Il Signore passò davanti a lui, e gridò:
“Il Signore! Il Signore!
Il Dio misericordioso e pietoso,
lento all’ira,
ricco di bontà e fedeltà,
che conserva la sua bontà fino alla millesima generazione,
che perdona l’iniquità, la trasgressione e il peccato,
ma non terrà il colpevole per innnocente;
che punisce l’iniquità dei padri sopra i figli e sopra i figli dei figli, fino alla terza e alla quarta generazione!”
(Es. 34, 6-7)

Aderisci come noi alla Lega contro la caccia vai sul sito e fai la iscrizione 2019 con 20 Euro. Con Bonifico, bollettino postale come ho fatto io o carta di credito.

Un segno tangibile di nonviolenza anche contro gli animali. Come animatore nazionale sono entusiasta della cosa e purtroppo non avendo un auto non posso dare un aiuto concreto per gli spostamenti degli animali. Siamo soci  dal 24 aprile  anche della contro la vivisezione. 

La prima decisione fu con acquisto a parte del loro calendario è avvenuta due anni fa. La Lega è membro della EFAH, dice testualmente la tessera LAC. Sono Iscritto 2019 anche ad Emergency, sebbene non sia entusiasta del gruppo locale di volontari. Troppo fissati sul capo locale.


PS: Puoi donare per confermare i domini di 6 nostri siti e le due pec. Non abbiamo fondi 8 per mille come gli altri o contributi pubblici come i cattolici e valdesi (anche per le scelte indirette! Un vero scandalo dei protestanti e cattolici).

Aiutaci con un bonifico bancario dunque

Ecco IBAN di Maurizio Benazzi, animatore blogger QUACCHERO CRISTIANO CONSERVATIVE IN ITALIA,:
IT 22W0305801604100571954856 di Che Banca!

For Europa as Sepa system: MICSITM1 (XXX optional only if request)

For USA and World (except Europe): MICSITM3 (XXX optional only if request)

Info point – Telefono/fax 0039 0331 641844 o 392/1943729 anche Whatsapp
Indirizzo postale: via Luigi Tovo 3, I 21057 OLGIATE OLONA VA
skype maurizio.benazzi email o pec

12.10.2019 – US, United States – Codepink

Hi, I’m Jane Fonda and let’s do this!
(Image by Code Pink)

Inspired by the Swedish student, Greta Thunberg, the student strikers and Naomi Klein’s new book “On Fire: The Burning Case for the Green New Deal,” I have decided to upend my life, leave my comfort zone and move to Washington, D.C. for four months to focus on climate change. As Greta said, “This is a crisis. We have to act like our house is on fire, because it is.”

So, every Friday I will host an action called — Fire Drill Friday — at 11am on the East Lawn of the Capitol Building, followed by a direct action.  Each Friday we will focus on a different aspect of the climate crisis and what needs to be done moving forward. Join CODEPINK in Washington D.C. starting Friday, October 11 with special emphasis on November 8th to make the connection between war and climate change.

Here’s the deal: We are living at the last possible moment in human history when we can do something about climate change or fail to do so, thereby denying hundreds of millions of people a livable future. What’s often left out of this conversation is the fact that the Pentagon pollutes the atmosphere with greenhouse gases more than 140 countries combined. We can’t address climate change without taking on U.S. militarism — join CODEPINK in Washington D.C. starting with the kickoff on Friday October 11with special emphasis on November 8th, where war and militarism will be our focus.

As you may know, last year, the UN Intergovernmental Panel on Climate Change (IPCC) published its regular report which stated in no uncertain terms that given the worsening disasters we’re already seeing and the additional warming that is already baked in because we didn’t act 30 years ago, we do not stand a chance at changing course in time without profound, systemic economic and social change in the next 11 years. If you can’t make it to Washington D.C. will you sign here to ask all presidential candidates to commit to cutting $350 billion from  the Pentagon Budget and invest that money in a Green New Deal?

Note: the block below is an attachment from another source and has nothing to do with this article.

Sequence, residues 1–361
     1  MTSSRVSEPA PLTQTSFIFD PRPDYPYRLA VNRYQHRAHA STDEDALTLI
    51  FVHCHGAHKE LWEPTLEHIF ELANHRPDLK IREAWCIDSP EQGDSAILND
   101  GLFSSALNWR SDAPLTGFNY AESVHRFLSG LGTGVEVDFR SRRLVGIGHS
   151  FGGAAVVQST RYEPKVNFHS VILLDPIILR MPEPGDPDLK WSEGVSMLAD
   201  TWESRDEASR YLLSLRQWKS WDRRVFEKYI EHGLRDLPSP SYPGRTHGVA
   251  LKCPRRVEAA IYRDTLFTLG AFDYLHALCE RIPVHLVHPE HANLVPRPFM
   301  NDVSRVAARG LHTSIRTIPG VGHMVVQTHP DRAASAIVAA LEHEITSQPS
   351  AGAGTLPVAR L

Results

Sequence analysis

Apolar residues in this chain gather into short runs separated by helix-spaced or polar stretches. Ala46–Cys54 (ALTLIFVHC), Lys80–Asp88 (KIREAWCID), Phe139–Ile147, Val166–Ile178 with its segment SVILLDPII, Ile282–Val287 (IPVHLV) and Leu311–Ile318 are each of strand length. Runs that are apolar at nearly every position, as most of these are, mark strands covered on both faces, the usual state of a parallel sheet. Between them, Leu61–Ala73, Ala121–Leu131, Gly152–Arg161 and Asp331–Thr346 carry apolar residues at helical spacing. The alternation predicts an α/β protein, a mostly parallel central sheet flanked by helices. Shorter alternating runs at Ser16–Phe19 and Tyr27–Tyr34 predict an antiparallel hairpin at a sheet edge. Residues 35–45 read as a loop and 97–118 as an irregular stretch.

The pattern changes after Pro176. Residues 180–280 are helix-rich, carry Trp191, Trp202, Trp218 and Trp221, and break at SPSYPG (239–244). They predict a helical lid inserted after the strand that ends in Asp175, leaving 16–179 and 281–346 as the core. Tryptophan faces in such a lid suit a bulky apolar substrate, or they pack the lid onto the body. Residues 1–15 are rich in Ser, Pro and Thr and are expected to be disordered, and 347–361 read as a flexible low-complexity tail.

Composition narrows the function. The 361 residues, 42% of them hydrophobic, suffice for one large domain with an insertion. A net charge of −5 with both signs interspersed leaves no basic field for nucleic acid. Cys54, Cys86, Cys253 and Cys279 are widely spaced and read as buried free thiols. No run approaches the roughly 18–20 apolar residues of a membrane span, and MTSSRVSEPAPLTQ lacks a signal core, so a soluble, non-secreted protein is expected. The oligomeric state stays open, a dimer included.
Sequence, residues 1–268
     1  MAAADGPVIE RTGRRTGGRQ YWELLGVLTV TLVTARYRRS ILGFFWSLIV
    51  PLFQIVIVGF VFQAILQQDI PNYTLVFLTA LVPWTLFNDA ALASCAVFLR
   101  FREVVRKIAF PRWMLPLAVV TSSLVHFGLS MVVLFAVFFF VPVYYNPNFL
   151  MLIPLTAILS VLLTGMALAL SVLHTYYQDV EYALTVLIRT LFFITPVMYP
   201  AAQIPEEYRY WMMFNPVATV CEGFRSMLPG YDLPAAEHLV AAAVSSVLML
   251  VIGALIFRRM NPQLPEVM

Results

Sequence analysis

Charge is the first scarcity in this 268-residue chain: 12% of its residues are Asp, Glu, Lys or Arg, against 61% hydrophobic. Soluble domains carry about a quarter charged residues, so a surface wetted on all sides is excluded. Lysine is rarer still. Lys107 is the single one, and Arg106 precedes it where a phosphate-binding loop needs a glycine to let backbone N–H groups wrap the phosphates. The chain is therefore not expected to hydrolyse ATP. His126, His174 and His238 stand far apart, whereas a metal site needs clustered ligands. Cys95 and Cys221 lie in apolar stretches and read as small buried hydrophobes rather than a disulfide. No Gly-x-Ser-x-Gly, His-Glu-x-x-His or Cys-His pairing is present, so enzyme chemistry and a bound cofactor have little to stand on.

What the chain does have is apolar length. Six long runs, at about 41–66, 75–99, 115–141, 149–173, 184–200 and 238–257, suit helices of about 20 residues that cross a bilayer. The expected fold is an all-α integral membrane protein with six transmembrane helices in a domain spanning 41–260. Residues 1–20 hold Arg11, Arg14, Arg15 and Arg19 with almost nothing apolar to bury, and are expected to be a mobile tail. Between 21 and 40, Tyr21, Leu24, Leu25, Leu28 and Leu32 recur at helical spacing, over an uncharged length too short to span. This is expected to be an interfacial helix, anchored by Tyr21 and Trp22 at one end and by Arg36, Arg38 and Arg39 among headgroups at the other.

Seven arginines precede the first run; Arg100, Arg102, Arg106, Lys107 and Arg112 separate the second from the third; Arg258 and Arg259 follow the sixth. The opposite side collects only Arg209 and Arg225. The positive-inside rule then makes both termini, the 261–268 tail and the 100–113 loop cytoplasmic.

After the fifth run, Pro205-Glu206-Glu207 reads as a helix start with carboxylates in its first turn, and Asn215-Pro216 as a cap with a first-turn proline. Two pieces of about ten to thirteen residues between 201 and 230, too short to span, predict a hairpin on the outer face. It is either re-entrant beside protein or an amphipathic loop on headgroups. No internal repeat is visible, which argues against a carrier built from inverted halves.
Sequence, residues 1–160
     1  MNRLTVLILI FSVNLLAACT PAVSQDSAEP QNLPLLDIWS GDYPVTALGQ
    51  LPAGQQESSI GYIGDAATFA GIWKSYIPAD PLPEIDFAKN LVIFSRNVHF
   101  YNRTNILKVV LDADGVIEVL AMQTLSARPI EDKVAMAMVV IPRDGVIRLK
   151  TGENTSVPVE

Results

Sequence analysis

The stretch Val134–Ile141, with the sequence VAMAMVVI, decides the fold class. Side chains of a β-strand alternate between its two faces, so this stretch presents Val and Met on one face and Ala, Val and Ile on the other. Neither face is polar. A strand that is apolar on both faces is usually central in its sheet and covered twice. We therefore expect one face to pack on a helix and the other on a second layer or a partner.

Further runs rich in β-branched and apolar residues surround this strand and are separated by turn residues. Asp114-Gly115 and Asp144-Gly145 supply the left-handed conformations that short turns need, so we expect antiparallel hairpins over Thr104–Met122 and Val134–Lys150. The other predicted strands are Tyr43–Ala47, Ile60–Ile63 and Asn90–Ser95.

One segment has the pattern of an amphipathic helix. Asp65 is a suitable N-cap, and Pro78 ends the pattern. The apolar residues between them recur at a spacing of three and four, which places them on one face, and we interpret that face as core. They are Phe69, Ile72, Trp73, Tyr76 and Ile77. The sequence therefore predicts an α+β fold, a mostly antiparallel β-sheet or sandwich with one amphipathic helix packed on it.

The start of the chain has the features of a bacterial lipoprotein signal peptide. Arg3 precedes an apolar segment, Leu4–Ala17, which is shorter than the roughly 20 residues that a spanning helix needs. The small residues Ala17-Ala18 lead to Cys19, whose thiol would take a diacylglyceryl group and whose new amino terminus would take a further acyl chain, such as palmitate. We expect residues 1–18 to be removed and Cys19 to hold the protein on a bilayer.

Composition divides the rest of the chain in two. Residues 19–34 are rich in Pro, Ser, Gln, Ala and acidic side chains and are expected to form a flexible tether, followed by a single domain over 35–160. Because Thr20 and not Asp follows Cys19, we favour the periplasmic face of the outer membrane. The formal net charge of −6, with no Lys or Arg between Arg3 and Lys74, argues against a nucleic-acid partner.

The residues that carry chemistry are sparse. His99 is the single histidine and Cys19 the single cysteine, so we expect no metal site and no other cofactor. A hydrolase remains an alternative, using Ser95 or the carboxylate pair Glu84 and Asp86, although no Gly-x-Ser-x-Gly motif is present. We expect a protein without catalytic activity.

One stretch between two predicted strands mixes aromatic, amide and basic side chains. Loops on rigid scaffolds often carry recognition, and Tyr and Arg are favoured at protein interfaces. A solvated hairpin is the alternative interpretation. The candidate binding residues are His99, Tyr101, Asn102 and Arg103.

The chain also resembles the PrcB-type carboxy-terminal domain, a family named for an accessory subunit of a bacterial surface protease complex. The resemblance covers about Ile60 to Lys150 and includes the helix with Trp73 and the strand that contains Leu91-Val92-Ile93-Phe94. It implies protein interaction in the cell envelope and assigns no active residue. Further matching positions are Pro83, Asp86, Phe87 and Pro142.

Yes, we’re facing a climate crisis, but we’re also facing an empathy crisis. It isn’t only earth’s life-support systems that are unraveling — so too is our social fabric.

Funding endless war is an existential threat to human life and one of the leading causes of climate change, which is why it’s urgent that we come together in Washington D.C. and make the connection between U.S. militarism and climate change.

This is a once-in-a-century opportunity to address the greatest threat to the future of our planet. I will be on the east lawn of the Capitol every single Friday, rain or shine, and would be honored to have you join me.

Yours in Loving Action,
Jane Fonda


Go forward

With care and tact

For others see God

In how we act

David Herr

13.10.2019 – Pressenza London

Historic protests and today’s politics give hope for Extinction Rebellion
(Image by Extinction Rebellion Facebook)

The Greenham Common peace camp and other 1980s anti-nuclear activists made a real difference – now a stronger tide is with the climate protestors.

Paul Rogers author pic
Paul Rogers for openDemocracy

This week’s Extinction Rebellion actions in London have produced some notable headlines, one being the Daily Mail’s “Extinction Rebellion mothers stage mass breastfeeding after police escort children and their buggies along Whitehall”. On a more political front The Daily Telegraph had the writer Julie Burchill under the headline “What must Hongkongers think of Britain’s privileged eco whingers?”, but perhaps the most unexpected contribution, at least for the Mail, was Janet Street-Porter’s “Never mind the nose-rings, Boris, a lot of these climate-change protestors are your people, and they have a point”.

She is pointing to one of the most striking aspect of the XR phenomenon: the sheer range of people who have been suddenly and determinedly motivated to act, even facing the risk of arrest. You have to go back a long way in the UK to find a comparable example.